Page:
search  current discussion  categories  kilns & firing - salt & soda 

salt water 2

updated fri 16 sep 05


bill edwards on wed 14 sep 05

marianne, I am still having a hard time with some of
the water issues and have looked for answers. The one
thing that keeps standing out is high sodium content
but many cities are supposed to limit that. I did have
that number.

Hard water contains disolved hardness materials. These
are commonly calcium, manganese and magnesium. PPM or
GPG is parts per million or grains per gallon. 17.1
PPM ='s 1 GPG. Hard water scums. If you water hardness
is over 3 GPG's you can soften it. A water softener
collects hardness ions via pellets or beads. Once the
pellets are covered with hardness ions the reverse
flush using sodium water removes those ions and the
process starts over. Do you notice anywhere there are
drips any discoloration such as red, or blue/green?
Low sodium water should be under 10Mg/L and iron,
manganese and copper < 0.02 ppm. When I was in Florida
you could hardly keep the iron scum from staining
everything it touched. In Georgia at my old house the
green/blue collection was from copper minerals.
Neither effected the process I used but I had some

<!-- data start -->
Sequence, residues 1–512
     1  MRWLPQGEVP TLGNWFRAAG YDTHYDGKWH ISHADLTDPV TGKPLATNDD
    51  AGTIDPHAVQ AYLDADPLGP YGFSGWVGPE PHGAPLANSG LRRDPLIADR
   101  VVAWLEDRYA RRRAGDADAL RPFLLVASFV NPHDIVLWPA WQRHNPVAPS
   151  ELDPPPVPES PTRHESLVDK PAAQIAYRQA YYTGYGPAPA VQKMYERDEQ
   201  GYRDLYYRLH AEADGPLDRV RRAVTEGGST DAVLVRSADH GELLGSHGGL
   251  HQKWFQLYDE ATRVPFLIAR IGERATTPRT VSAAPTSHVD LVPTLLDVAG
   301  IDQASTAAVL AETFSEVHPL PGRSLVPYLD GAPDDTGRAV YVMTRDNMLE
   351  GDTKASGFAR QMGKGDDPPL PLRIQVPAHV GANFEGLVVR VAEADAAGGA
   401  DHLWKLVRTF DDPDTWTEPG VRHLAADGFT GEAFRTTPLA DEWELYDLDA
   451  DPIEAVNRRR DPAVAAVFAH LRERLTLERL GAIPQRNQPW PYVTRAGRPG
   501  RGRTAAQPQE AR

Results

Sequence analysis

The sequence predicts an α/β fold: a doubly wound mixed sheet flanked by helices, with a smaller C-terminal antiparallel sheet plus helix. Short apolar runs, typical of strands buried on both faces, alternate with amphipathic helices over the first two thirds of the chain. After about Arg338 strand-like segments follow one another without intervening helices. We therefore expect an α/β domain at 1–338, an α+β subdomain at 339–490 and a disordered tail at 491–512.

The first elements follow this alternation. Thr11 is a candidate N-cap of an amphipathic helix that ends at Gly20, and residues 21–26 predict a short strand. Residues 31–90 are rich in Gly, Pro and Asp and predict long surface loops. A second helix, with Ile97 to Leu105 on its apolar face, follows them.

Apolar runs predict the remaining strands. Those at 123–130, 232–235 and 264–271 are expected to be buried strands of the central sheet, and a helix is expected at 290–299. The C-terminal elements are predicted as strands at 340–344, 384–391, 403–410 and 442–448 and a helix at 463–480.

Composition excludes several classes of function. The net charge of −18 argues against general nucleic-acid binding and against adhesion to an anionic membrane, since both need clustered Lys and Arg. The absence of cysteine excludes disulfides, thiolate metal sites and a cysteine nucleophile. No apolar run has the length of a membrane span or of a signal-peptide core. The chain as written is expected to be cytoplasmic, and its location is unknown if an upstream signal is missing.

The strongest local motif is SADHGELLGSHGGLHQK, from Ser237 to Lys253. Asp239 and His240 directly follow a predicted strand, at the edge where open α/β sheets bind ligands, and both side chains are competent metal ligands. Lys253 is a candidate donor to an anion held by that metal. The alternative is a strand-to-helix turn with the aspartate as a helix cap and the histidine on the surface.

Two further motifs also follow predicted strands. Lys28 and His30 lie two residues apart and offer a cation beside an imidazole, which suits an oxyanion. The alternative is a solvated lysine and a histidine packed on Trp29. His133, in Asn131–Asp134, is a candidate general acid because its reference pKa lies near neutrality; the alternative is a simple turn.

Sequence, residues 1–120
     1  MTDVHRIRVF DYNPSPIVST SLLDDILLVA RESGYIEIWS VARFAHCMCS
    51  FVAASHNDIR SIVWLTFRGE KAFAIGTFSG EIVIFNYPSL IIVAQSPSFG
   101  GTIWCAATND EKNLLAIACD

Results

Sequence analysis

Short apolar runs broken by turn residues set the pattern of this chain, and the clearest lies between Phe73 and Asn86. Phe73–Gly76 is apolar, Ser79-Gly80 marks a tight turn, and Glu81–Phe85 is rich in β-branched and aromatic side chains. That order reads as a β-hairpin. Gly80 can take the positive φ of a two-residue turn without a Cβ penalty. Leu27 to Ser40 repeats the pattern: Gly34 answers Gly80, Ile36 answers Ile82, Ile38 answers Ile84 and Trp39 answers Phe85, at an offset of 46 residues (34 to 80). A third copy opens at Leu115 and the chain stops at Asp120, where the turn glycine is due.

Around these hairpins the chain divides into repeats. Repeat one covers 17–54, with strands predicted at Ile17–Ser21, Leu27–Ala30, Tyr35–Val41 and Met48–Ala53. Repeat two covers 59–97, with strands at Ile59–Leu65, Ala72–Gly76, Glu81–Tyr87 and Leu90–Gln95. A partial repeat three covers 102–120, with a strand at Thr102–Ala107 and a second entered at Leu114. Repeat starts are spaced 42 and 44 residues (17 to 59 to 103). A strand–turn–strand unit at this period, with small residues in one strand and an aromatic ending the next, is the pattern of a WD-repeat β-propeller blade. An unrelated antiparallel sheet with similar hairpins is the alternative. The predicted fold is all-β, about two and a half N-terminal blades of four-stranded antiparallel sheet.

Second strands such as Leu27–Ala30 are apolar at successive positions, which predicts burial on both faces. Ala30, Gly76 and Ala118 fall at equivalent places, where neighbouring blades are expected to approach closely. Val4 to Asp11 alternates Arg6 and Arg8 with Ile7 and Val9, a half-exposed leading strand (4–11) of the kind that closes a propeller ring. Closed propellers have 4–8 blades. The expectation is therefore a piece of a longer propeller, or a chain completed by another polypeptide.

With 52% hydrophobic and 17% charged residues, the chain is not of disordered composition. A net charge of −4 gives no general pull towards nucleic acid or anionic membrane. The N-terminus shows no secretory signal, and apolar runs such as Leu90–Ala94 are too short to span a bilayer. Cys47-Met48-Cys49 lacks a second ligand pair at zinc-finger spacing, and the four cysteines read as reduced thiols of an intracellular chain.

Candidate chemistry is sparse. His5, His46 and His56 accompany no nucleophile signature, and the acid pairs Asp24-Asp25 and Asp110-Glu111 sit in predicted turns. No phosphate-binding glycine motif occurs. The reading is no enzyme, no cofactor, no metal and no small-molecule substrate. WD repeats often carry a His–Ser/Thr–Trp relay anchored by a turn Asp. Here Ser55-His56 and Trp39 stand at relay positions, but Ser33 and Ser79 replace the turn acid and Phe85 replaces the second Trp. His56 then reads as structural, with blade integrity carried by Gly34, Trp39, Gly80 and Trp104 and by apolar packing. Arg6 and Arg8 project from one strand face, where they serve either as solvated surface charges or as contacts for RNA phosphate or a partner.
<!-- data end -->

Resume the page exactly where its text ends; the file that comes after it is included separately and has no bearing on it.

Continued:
filtration going on and I used chemicals for
biological contaminate control.

This means that if your water supply contains more
than these metals shown above they do not evaporate
out and add to the oxide levels in trace ammounts. Not
usually enough to visually notice from my own
experience. But perhaps the sodium is more the issue.
So hard water users may see more problems than soft
water users. Who out there has seen this kind of
problem with glazes based on your water hardness? For
every grain of hardness in your water, your local
treatment plant most likely has increased the sodium
content by 7.5 Mg/per quart through ion exchange
method. Now isn't this all good news for those with
high blood pressure such as myself. Hmmmm. Get the
salt out. There is supposed to be limits on sodium
ammounts in drinking water. Supposed is our 'key' word
for today. Contaminates will increase as our pollution
factor increases and the threshold levels will
decrease because they can't have it both ways at all
times and make money. I believe Louis has convinced me
more that sodium is the culprit since my thought
processes moved from sediment minerals to something
more common.

Bill Edwards
Edmar Studio and Gallery
302 South Main St (Shipping)
POB 367 (Mailing)
Camp Hill, Al. 36850

Katrina Evacuee's BLOG

Yahoo! Mail - PC Magazine Editors' Choice 2005